Clause 4

Part of Criminal Justice and Immigration Bill – in a Public Bill Committee at 1:30 pm on 25th October 2007.

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Photo of Edward Garnier Edward Garnier Shadow Minister (Justice) 1:30 pm, 25th October 2007

As you can see, Sir Nicholas, subsections (3) and (4) give the Secretary of State the power to amend legislation. However, they do not give him the power to amend only secondary legislation or even the Bill; he is being given the power to amend other primary criminal justice legislation. It is rather more than interesting that the Act that he is being given the power to amend—the Criminal Justice Act 2003—is, in terms of its implementation, the most ridiculous piece of legislation that it is possible to imagine.

In written questions, I have asked the Home Secretary how much of the 2003 Act is in force, how much has been repealed before even coming into force and how much is not yet in force. Although it is a big fat Act, it is incredible how many of its provisions are not in effect, have not been implemented, or have been repealed before being brought into force.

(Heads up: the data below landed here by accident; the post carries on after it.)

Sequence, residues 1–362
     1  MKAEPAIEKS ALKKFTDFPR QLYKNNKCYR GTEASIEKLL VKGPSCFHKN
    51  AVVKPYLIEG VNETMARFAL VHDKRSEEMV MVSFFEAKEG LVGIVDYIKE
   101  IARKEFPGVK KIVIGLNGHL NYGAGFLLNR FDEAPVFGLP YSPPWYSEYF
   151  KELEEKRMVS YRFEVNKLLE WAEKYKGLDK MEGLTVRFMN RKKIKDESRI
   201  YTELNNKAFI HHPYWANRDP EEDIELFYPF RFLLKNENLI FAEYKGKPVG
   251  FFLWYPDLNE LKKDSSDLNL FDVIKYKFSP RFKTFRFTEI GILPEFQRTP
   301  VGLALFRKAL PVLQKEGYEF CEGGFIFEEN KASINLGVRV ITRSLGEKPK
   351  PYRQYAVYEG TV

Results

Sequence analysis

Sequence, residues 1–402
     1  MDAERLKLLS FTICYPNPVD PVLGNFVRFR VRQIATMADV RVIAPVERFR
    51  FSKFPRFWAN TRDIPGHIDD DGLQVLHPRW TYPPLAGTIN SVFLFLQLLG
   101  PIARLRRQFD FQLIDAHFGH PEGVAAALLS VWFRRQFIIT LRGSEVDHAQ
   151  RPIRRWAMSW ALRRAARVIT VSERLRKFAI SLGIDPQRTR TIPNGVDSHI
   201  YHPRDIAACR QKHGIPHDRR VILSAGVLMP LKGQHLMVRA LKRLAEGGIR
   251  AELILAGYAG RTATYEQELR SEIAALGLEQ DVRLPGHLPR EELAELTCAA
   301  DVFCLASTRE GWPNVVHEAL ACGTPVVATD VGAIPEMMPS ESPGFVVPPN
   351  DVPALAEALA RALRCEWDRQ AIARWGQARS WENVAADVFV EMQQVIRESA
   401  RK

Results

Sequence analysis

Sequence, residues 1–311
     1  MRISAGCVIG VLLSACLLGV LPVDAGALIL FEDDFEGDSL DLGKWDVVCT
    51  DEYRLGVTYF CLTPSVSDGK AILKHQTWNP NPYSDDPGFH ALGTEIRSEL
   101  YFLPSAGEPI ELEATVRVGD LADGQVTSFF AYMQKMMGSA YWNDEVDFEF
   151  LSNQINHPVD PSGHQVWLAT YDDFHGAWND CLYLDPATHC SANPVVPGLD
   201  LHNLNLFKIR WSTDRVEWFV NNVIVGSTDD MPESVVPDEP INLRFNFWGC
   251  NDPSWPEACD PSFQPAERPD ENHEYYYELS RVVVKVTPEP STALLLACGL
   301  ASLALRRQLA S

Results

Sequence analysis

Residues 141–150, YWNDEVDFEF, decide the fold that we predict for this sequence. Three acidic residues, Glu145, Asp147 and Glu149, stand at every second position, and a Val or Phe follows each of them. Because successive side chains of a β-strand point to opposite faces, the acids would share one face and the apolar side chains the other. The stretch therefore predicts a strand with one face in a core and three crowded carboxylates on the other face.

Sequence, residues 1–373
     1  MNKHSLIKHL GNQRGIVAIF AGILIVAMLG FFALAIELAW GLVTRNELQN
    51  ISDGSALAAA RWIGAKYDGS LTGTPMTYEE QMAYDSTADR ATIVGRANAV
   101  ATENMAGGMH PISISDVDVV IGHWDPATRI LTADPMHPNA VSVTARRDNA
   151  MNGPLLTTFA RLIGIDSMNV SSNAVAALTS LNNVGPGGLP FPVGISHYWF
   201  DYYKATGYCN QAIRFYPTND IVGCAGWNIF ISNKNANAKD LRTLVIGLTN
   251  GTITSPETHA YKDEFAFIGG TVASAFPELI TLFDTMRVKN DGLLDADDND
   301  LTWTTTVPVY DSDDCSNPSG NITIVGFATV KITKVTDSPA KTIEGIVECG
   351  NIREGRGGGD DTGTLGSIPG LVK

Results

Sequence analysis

That point is reinforced, or at least I like to think that my arguments are reinforced, by a quick glance at schedules 4 and 23 of the Bill, in which great reams of amendments to recent legislation are identified. There is a constant cascade of legislation that is being amended before it is even brought into force, yet here we are giving the Secretary of State power to effect amendment by the writing of his name, rather than by any fully scrutinised legislative process.

I tabled amendments Nos. 3 and 4 because I believe that Parliament should amend the criminal law; Parliament should amend the Criminal Justice Act 2003. Parliament, not the Executive, should make the decisions on how we frame our criminal law, which deals with the removal of people’s liberties and the conduct of our police, courts and criminal justice system more widely.